Museums and galleries across the UK on Tuesday unveiled their plans to reopen their doors to visitors as parts of Britain’s cultural sector emerge from lockdown.
Among the first to reopen are the National Gallery and the Royal Academy of Arts on July 8 and 9. The Whitechapel Gallery will open its doors on July 14, while Turner Contemporary in Margate will welcome visitors on July 22. Tate Modern, Tate Britain, Tate St Ives and Tate Liverpool will open on July 27.
Institutions will open under tightly controlled conditions, with most requiring timed entry booked online ahead of a visit, one-way systems with staff monitoring the flow of visitors, free masks and hand sanitizer, and transparent screens to protect front of house staff. Face coverings will be compulsory at the RA and recommended at the National Gallery.
Museums have had to adjust their exhibition programmes, which are typically arranged years in advance, postponing many shows until 2021 to manage the constraints of post-lockdown reopening.
Tate Modern, which had displayed Fons Americanus by Kara Walker, the “counter-memorial” to slavery, in its Turbine Hall as pictured above, was to have demolished and recycled the 13m tall sculpture in April. It will reopen with the monumental work.
Some big regional institutions, such as the Baltic Centre for Contemporary Art in Gateshead, the Ashmolean in Oxford and Manchester’s Whitworth gallery, will reopen in mid-August.
India extends emergency food support for hundreds of millions
Amy Kazmin in New Delhi
New Delhi will spend $12bn to provide free food grains to an estimated 800m Indians for another five months, as it seeks to avert the spectre of mass hunger as its economy languishes due to the coronavirus pandemic.
The move marks the extension of a three-month free-food support scheme that the government unveiled just days after Prime Minister Narendra Modi imposed one of the world’s most draconian coronavirus lockdowns, which resulted in an estimated 140m people losing their jobs overnight.
India’s lockdown has since eased. But with the coronavirus still spreading rapidly through the population, India’s economy is unlikely to rebound quickly, with many economists forecasting a contraction of about 5 percent this year.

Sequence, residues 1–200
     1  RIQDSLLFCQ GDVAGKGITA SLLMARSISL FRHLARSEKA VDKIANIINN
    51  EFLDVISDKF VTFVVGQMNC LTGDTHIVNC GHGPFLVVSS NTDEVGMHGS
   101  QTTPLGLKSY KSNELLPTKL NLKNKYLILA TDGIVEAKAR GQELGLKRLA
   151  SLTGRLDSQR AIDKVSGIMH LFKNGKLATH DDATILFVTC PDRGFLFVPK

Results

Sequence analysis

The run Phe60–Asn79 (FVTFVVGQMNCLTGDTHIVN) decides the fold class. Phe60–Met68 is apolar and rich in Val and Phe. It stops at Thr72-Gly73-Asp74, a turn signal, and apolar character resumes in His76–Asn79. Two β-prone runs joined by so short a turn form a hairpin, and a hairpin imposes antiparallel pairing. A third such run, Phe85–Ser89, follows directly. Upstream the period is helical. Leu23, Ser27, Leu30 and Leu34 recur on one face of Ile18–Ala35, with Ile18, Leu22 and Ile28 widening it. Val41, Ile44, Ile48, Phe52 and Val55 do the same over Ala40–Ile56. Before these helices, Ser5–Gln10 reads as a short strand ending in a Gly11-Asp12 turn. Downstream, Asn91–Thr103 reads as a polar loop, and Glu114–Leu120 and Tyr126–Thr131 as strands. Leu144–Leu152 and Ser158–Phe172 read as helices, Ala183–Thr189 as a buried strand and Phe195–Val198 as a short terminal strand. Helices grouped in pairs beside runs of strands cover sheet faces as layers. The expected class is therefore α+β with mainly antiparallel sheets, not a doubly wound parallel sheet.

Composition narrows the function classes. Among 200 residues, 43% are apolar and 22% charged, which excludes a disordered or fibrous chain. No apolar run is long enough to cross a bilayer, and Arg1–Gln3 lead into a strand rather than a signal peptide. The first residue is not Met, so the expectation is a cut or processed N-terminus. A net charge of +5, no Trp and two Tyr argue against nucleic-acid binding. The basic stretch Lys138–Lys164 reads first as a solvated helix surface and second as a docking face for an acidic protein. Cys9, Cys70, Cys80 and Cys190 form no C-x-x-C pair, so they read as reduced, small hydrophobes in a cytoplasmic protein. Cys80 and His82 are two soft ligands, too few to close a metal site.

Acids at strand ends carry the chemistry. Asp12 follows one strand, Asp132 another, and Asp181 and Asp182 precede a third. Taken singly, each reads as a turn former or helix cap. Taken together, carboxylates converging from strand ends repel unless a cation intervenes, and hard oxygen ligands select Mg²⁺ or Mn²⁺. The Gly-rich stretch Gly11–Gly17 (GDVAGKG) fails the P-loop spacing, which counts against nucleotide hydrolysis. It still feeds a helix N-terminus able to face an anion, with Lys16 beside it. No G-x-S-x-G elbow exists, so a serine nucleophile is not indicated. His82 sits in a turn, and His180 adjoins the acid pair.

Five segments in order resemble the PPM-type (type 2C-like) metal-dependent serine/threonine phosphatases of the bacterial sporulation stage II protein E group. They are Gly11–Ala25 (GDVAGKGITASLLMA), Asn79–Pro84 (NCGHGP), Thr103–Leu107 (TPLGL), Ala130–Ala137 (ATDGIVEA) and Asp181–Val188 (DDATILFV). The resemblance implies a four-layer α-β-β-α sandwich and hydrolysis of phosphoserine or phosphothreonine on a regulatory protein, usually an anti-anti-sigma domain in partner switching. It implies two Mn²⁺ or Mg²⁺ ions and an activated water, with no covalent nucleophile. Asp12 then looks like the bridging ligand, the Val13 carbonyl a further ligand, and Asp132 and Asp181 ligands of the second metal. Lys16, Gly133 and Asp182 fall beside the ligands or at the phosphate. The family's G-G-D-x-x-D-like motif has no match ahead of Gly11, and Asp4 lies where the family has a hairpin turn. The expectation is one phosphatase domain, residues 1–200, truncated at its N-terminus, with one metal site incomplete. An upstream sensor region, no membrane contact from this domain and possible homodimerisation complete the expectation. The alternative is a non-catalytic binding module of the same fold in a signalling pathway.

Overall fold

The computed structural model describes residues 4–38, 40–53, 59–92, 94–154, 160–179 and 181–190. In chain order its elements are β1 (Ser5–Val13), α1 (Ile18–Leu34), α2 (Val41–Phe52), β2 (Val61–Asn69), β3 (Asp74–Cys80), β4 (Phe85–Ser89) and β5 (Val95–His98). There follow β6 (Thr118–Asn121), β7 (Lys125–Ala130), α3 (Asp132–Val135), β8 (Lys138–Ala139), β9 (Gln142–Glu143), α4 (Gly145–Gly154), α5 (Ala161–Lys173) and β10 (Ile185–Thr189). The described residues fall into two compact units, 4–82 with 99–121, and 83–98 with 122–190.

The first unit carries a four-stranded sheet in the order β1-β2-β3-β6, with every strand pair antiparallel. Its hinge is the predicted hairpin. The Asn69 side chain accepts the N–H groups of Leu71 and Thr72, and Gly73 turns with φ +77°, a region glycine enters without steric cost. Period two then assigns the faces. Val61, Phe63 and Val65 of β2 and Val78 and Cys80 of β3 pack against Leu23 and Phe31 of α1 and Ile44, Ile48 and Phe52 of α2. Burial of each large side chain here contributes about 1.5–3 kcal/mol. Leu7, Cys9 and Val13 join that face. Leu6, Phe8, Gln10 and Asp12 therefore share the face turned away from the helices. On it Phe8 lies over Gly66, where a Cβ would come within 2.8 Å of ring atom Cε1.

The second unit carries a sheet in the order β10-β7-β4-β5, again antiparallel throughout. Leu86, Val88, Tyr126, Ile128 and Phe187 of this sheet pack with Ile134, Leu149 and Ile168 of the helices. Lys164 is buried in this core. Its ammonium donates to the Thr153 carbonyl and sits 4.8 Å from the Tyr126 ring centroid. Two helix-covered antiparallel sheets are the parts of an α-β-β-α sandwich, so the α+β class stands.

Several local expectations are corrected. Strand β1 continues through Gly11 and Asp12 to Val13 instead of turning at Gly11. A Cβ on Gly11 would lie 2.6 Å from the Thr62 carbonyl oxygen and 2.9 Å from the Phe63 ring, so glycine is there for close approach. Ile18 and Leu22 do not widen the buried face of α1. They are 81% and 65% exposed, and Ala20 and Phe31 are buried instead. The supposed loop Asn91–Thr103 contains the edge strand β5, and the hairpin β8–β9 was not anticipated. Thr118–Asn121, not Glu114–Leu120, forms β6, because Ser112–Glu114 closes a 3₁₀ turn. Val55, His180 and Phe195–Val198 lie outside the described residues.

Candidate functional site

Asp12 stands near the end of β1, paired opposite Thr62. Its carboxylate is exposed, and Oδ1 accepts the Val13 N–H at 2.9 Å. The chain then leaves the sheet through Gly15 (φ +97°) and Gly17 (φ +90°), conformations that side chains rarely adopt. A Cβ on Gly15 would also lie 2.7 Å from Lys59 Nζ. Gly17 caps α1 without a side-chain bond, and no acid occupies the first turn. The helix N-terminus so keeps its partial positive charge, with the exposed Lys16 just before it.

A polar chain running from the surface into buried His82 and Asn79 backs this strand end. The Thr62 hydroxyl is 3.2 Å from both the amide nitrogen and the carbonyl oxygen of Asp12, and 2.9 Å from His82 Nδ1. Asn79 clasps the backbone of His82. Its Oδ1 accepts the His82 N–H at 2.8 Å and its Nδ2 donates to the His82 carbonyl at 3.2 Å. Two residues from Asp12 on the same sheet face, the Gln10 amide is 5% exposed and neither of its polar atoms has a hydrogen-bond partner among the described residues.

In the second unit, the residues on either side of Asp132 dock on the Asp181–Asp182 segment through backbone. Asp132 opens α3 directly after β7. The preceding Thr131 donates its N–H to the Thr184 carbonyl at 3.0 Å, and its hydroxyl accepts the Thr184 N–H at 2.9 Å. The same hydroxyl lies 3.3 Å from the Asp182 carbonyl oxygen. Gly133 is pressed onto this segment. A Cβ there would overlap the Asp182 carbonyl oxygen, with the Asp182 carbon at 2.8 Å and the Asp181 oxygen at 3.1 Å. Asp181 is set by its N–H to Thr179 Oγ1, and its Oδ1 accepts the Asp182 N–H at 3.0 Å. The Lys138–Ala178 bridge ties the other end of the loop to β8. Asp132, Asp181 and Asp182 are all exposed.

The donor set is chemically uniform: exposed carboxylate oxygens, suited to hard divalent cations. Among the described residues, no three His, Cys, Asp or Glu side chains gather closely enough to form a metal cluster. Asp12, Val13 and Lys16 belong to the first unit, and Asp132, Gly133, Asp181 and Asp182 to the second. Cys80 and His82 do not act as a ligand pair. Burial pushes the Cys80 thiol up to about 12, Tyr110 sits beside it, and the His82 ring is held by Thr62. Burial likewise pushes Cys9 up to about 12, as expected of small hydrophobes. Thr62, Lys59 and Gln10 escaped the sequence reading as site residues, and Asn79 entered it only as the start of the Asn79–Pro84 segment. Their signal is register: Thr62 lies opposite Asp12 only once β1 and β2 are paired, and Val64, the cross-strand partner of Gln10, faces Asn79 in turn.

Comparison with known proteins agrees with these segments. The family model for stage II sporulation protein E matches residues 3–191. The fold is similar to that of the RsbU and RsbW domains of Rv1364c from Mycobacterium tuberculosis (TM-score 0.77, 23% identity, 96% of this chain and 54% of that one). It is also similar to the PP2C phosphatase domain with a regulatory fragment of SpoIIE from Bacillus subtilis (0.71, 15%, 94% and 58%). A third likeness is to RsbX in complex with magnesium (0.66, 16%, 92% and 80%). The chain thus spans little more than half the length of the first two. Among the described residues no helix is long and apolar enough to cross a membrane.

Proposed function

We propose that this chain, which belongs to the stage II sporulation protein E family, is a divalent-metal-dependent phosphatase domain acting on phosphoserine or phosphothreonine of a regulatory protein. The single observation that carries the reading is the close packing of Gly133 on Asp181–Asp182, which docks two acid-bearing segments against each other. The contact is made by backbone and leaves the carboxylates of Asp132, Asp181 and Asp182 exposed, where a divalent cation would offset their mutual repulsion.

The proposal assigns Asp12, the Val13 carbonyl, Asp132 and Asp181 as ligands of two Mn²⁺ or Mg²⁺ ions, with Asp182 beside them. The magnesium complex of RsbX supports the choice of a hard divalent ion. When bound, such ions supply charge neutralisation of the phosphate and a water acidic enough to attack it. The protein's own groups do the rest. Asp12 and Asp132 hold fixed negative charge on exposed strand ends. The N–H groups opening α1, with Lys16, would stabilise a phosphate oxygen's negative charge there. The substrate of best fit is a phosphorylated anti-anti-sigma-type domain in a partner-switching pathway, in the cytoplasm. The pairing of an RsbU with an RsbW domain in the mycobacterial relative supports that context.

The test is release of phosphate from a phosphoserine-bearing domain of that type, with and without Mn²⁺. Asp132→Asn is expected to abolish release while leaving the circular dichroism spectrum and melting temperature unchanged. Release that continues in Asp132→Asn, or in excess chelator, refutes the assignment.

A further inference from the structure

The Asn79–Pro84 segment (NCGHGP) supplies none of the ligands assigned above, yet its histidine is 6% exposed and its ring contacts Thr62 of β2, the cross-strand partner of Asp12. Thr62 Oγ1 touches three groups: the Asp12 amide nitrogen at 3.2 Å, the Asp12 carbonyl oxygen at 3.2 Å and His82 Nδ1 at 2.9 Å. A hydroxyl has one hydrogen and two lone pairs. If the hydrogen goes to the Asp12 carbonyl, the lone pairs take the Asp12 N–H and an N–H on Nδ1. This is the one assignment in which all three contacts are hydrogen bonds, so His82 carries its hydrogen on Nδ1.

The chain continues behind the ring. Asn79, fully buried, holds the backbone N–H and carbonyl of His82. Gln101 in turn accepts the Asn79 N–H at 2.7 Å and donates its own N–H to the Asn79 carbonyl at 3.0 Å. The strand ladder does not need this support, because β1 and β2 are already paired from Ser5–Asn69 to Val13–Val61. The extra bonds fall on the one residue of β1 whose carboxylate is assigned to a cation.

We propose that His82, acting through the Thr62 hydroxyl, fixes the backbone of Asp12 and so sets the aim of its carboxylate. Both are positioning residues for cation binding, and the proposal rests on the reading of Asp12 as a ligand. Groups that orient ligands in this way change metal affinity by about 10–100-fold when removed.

Activists have raised the spectre of mass hunger among vulnerable families who have lost virtually all sources of income as a result of the lockdown, and have little prospect of finding new jobs amid the downturn.
However, New Delhi will continue to provide 5 kgs of free wheat or rice each month to 800m people through November, which will see many families though the peak festival season. Vulnerable families will also be given 1 kg of chickpeas each month as a source of protein.
India’s coronavirus caseload has surged to almost 570,000 confirmed cases, with the detection of almost 19,000 new case a day. Of those known to have been infected, almost 17,000 have died.
Leicester mayor sends out plea for help from government
The mayor of Leicester has urged fellow residents to stay at home and demanded government help as the city comes under “special restrictions” due to a revived coronavirus outbreak.
Peter Soulsby, mayor of the East Midlands city that has become the first local area to have a reinforced lockdown in the UK, said that local authorities, with help from the government, will need to discover where the virus is concentrated in the city and take measures to stop the spread of the virus.
The government has promised more testing, which in the past has been “patchy” and “certainly not systematic”, Sir Peter said.
Leicester, about 100 miles north of London, was put under lockdown again last night after reports of a fresh outbreak of coronavirus. England is gradually reopening its economy, with the promise of restaurants, pubs, bars and hair salons being open for business on Saturday.
“With these new measures we can get on top of whatever it is out there very quickly,” Sir Peter said in a briefing in Leicester on Tuesday.” We hope that this is something we will now be able to ensure to put behind us as a city.”
The city needed some “dramatic intervention” rather than continuing the status quo, he said. He added that he had received more detailed analysis that he wishes he had had “a long time ago”.
He said: “I am very very concerned obviously about the impact of the wellbeing of the city, and the health of the city, but also about the economy of the city.”
If Leicester is to be locked down and “in limbo” longer, he said, “we will need some support” from the government.
Chief BoE economist signals inflation fears as he hails rapid recovery
Chris Giles in London
The UK economy is recovering much faster than the Bank of England had expected, the central bank’s chief economist said, casting doubt on the need for further stimulus.
The recovery is “so far, so-V [shaped]”, Andy Haldane said on Tuesday, explaining that he voted against pumping another £100bn of newly created money into the economy because the “upside news on demand had outweighed the other negative news on the outlook”.